What You Should Avoid Posting on Social Media during Divorce

Social media has changed the way we interact with one another. From communicating with loved ones to sharing pictures of outings and vacations, we use platforms such as Facebook, Instagram, and Twitter to make our lives public for all to see.

However, married people’s activities on these sites can have a negative impact on their lives. The connectivity of social media enables married individuals to either cheat on their partners or snoop on them, causing anger and jealousy that can lead to divorce. Oversharing on these sites can create potentially admissible evidence that can be used during the divorce proceeding.

The following are several examples of evidence that attorneys can obtain from social media and use in a divorce case:

  1. Posts of yourself partying – If you are involved in a heated child custody dispute, the decision of who gets physical custody and how often the noncustodial parent has time with the children is based on the best interest of the child. The court will often look at evidence of each spouse’s parenting skills. If a parent is seen partying when he/she is supposed to watch the child, it can make the decision to award custody much easier for a judge.
  2. Posts of expensive purchases or travel which indicate a wealthy lifestyle – Alimony and child support are hotly contested issues due to the amount of money that is on the line. Posting pictures and videos of lavish purchases and luxury vacations can suggest your income is higher than you reported, which can harm your chances of getting more child or spousal support and make it appear that your financial disclosures are fraudulent.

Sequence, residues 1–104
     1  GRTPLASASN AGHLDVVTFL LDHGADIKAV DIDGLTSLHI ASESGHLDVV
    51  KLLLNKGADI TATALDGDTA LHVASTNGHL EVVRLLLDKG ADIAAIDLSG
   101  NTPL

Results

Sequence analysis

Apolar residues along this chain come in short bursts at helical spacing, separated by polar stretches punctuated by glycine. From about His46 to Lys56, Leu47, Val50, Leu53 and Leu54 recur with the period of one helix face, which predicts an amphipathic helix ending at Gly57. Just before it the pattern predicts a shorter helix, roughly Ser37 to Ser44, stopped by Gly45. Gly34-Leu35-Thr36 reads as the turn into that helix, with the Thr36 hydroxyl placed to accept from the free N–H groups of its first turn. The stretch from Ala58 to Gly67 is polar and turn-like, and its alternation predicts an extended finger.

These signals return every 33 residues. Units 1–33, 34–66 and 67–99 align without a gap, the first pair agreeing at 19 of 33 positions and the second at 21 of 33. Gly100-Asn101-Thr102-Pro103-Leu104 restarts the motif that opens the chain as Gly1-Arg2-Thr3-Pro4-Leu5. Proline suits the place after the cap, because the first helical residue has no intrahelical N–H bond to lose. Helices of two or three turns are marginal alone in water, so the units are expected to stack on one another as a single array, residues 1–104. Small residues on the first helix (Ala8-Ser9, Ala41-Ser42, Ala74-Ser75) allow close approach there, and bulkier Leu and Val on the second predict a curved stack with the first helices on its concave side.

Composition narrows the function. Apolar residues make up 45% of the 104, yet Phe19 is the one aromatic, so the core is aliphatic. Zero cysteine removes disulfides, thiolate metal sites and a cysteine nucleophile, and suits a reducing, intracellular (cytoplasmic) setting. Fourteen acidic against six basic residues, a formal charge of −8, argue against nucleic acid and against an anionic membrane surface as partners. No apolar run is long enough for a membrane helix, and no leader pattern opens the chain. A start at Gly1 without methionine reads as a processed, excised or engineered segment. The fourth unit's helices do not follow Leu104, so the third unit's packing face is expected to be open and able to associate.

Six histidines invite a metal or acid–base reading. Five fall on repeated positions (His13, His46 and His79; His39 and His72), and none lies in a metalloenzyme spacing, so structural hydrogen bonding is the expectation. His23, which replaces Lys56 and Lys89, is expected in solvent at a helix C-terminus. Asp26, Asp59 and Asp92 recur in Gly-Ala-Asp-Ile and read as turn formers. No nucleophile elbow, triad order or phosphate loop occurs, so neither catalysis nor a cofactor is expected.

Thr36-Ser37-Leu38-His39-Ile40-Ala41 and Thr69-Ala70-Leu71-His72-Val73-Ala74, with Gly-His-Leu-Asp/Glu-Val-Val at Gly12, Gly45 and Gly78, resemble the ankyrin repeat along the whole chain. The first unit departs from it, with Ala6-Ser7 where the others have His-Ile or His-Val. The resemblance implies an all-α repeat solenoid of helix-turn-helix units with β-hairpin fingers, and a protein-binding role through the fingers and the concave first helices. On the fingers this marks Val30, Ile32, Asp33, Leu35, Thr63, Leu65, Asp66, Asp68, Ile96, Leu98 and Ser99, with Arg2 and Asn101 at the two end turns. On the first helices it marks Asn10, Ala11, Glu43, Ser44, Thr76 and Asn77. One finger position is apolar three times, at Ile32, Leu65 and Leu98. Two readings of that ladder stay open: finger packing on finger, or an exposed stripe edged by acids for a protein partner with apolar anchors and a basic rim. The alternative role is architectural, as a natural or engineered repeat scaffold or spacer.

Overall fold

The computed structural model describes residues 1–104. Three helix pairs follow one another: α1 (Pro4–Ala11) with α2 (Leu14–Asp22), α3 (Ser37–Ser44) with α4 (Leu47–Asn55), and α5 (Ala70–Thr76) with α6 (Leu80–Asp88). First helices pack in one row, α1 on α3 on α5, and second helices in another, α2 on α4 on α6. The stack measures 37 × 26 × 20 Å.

3. Posts of a new partner – It is not uncommon for couples going through a divorce to enter the dating world again. But if you post on social media about your new romance and how happy you are, you can be sure that your soon-to-be-ex-spouse will not be happy about it. This can result in an extended litigation process, which can cost you more money in court costs and attorney fees.
  4. Posts berating your spouse – People often express how they feel through social media—whether it’s good or bad. Posting negative comments about the other party will surely lead to more conflict and a long litigation process.
  5. Tags – If you are supposed to have custody of your child and your friends check you into a restaurant or bar, the other parent can use this to document your lack of fitness for parenting.

When going through a divorce, it is important to remain inactive on all social media accounts. Keep your opinions, photos and even likes to yourself. Wait until the divorce is finalized to update everyone on your life.

If you are interested in filing for divorce in Missouri, contact Kallen Law Firm, LLC and request a free consultation with our St. Louis divorce lawyer today.